The Abduction From The Seraglio: Program Notes from Director Robert B. Driver
It has been 13 years since I last staged The Abduction from the Seraglio in Philadelphia in a traditional, period production at the Academy of Music. My first experience with the opera was as an Assistant Director with the Bayerische Staatsoper in Munich in the 1960s, which was also an elegant, traditional production in the lovely Rococo Cuvillies-Theater.
In thinking about Abduction in a new millennium, I wanted to bring a fresh new look to Mozart’s comic masterpiece which, in effect, launched the German comic opera in Vienna in the 1780s. My challenge was to be able to tell the story written by librettists Christoph Friedrich Bretzner and Gottlieb Stephanie and to honor Mozart’s music in a manner that would be more appealing and familiar to today’s audience. In late 18th-Century Vienna, “rescue” operas, in which young maidens were captured by marauding pirates and sold into slavery in exotic lands such as Turkey, were all the rage – but the comedic resonance in this plot today lies less in the broad strokes, and more in the timeless foibles of human nature that play out on stage.
Mozart’s music and the accompanying libretto depict Turkey with such alluring color that the challenge was in finding a fresh time and place in which one could use that backdrop for the capture, imprisonment, and eventual rescue and release of the heroine Konstanze and her subordinates Blonde and Pedrillo.
To dramatize the setting, I looked to periods of war and settled on the end of the First World War. Through my research, I had read about Ataturk, who led the Turkish people in the First World War and was subsequently instrumental in the establishment of the Turkish state. He was a leader who was fascinated by Western culture, and thus the perfect model for Bassa Selim. And what better way for him to come in contact with Konstanze than through her duties as a spy for the Allied Forces?
Our story begins during the overture when Ataturk, aka Bassa Selim, is having a “tete-a-tete” with the beautiful Konstanze in a Turkish nightclub when Selim’s orderly, Osmin, comes in to whisper in his ear that the woman he is wooing is an Allied spy. The clever Konstanze sees that something is amiss and leaves suddenly to return to her camp where her orderlies, Pedrillo and Blonde, are supposed to be working. Selim orders the capture of the spy Konstanze – with whom he is now completely enamored. Osmin arrives to apprehend the spy and her associates, but Pedrillo is able to send an SOS signal to Belmonte, a Spanish pilot and Konstanze’s lover. Thus the scene is set to tell the story in an early 20th-Century setting.
Speaking with my team of creative colleagues – costume and scenic designer Guia Buzzi; projection effects designer Lorenzo Curone; and lighting designer Drew Billiau – we decided to draw on the world of early Hollywood cinema in order to tell our romantic, swashbuckling, rescue story. We focused on creating the right ambiance with film; whether finding the perfect spy-tinged nightclub scene to frame the action in the overture, setting the stage for the military encampment where Blonde and Pedrillo are working as aids, or following Belmonte’s bi-plane as it flies to Konstanze’s rescue, we used film to enhance our storytelling, and sometimes for comic effect.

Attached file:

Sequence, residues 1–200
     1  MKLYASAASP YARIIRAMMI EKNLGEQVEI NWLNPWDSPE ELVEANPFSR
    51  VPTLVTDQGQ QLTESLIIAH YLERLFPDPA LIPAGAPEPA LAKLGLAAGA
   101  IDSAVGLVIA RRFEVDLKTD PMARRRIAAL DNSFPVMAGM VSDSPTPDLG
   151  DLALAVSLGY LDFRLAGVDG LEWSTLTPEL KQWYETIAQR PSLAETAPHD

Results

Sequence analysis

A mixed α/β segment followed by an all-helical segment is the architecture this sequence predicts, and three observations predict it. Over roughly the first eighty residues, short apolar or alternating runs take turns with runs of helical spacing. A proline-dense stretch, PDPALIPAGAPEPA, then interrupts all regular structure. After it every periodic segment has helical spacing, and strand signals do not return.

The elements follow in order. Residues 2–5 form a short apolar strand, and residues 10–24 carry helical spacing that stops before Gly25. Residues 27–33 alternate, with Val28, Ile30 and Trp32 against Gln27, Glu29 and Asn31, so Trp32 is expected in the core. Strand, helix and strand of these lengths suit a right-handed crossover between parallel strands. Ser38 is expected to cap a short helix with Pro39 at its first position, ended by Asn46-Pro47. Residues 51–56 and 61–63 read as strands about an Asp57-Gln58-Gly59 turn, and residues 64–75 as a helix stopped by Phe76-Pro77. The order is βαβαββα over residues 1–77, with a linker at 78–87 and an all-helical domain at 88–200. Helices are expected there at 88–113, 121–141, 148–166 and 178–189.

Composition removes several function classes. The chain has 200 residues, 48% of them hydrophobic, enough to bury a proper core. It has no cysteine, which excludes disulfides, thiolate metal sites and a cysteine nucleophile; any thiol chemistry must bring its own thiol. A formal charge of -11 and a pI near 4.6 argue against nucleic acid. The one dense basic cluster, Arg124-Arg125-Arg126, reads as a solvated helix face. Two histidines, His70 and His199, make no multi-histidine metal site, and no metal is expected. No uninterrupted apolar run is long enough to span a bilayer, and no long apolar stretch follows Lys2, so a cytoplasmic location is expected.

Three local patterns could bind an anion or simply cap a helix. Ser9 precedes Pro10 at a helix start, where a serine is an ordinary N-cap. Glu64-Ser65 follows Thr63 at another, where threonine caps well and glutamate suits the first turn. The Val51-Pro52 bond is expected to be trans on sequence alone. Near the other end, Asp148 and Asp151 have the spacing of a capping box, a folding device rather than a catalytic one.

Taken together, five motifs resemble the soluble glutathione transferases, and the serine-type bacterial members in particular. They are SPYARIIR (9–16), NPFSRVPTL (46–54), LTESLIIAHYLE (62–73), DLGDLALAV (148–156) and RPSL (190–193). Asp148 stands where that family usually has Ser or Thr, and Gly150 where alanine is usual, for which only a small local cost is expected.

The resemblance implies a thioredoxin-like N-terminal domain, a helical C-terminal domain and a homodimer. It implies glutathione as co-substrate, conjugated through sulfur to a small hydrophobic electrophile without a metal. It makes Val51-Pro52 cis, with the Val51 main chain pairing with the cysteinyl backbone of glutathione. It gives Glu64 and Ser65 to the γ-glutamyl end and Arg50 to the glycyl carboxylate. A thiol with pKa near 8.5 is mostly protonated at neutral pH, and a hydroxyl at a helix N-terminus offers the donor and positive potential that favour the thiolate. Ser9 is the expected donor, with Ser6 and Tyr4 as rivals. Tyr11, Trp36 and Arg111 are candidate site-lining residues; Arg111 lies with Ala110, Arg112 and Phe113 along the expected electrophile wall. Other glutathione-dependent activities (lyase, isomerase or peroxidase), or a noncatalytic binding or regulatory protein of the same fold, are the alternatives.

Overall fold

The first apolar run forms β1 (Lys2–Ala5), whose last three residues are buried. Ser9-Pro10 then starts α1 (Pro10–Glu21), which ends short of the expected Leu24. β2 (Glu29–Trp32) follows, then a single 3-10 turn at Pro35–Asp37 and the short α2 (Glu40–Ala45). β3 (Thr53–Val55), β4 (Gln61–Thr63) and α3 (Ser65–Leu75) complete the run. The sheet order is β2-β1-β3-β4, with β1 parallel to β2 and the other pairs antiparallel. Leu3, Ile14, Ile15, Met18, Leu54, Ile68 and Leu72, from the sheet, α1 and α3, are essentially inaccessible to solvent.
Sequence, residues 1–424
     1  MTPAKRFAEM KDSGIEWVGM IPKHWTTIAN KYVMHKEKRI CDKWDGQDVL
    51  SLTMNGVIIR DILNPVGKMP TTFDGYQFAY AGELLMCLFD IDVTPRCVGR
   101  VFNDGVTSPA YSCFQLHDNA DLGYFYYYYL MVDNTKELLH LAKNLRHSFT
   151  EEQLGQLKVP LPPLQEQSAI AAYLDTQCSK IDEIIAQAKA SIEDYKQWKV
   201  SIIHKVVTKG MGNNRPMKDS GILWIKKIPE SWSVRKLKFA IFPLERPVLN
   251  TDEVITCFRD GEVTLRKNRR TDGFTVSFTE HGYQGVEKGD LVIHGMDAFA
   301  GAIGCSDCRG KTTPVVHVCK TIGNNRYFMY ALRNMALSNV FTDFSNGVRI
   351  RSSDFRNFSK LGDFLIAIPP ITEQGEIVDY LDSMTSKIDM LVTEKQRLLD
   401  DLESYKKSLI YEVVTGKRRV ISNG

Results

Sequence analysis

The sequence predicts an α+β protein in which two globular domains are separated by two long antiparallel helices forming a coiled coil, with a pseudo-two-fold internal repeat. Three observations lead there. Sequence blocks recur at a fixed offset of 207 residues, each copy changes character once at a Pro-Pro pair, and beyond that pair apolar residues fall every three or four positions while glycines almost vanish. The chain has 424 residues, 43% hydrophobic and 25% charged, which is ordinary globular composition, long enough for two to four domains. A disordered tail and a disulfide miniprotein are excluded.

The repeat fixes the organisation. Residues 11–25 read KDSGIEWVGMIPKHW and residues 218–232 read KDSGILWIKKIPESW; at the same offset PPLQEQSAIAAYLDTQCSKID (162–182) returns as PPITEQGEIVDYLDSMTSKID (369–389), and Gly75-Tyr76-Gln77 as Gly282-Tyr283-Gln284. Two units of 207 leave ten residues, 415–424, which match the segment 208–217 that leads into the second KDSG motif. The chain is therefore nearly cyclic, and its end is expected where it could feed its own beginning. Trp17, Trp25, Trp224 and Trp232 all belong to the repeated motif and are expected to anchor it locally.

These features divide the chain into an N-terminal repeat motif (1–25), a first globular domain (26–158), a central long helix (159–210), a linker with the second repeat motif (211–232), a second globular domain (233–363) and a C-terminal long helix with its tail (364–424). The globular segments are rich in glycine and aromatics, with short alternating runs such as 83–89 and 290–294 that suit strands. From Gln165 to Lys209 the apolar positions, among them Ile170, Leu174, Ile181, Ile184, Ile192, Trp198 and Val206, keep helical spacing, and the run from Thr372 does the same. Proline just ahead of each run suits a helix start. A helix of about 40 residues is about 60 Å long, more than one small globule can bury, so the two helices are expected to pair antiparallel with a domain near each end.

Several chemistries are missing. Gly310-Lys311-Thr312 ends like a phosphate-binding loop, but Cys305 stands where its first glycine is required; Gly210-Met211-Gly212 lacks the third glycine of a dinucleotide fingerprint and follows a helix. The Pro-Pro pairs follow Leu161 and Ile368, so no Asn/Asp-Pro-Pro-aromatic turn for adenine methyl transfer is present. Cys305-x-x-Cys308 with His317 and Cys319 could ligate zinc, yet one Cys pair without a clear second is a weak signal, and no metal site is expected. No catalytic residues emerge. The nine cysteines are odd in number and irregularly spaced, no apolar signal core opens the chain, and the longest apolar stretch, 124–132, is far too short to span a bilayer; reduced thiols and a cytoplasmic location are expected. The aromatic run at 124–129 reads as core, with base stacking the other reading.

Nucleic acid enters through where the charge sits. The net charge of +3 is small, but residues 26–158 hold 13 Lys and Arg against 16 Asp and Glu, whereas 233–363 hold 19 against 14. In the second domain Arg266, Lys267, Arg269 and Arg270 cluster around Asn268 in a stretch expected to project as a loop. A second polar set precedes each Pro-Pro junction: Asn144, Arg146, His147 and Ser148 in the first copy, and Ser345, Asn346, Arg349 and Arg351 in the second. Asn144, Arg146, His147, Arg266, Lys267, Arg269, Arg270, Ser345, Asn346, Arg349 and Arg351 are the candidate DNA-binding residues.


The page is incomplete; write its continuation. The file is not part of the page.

Because so much of Abduction’s comedy lies in its characterizations, I shared my thoughts with the artists about each of these unique personas within this 1920s setting:
Belmonte: A romantic Spanish aristocrat, charmingly naive about the real world. A Hollywood matinee idol.
Konstanze: An elegant, daring, self-assured, and liberated 20th-Century woman with an inner warmth and a passion for Latin men, as well as a fascination for accomplished, mature men.
Blonde: A down-to-earth, liberated 20th-Century middle class woman who “takes no prisoners.”
Pedrillo: Your average good guy who is madly in love with Blonde, and who always tries to make the best of any situation.
Osmin: A loyal “dog” to his master, whose bark is worse than his bite. Not the sharpest pencil in the box.
Bassa Selim (Ataturk): A wise man of strong character. A Muslim who is both fascinated and puzzled by the liberated Western woman.
These attributes carry our characters throughout the opera in both their spoken words and in their reactions to Mozart’s music. For example, in the dialogue and introduction leading up to Konstanze’s famed aria “Martern aller Arten,” it is Konstanze who remains in control of the situation despite all threats. Blonde also demonstrates that she is completely in control in her second act aria and duet with Osmin. She can be sweet and pliable when she chooses to be, but do not cross her! (Perhaps these characterizations provide the ladies with revenge for their treatment in Così fan tutte… twelve years in advance!)
It is certainly no coincidence that Mozart chose the name of Konstanze for his heroine, as it was during this period that he was battling with his father via correspondence for approval of his marriage to Konstanze Weber.
In his correspondence to his father, Mozart speaks of needing to save her as soon as possible – perhaps the motivation for this “rescue” opera.
My artistic colleagues Maestro Corrado Rovaris, Gabriele Gandini [Artistic Director of the Teatro Comunale di Treviso where this coproduction was premiered], and I set out to audition the finest cast both vocally and visually to help us realize the story in the most credible fashion possible. Our singers and creative team represent an international assemblage of artists from Italy, Holland, Switzerland, Spain, Poland, and the United States. We hope that you thoroughly enjoy this production which we have prepared for you with the combined forces of the Opera Company of Philadelphia and the Fondazione Cassamarca of Treviso.
— Robert B. Driver
Stage Director and Artistic Director of the Opera Company of Philadelphia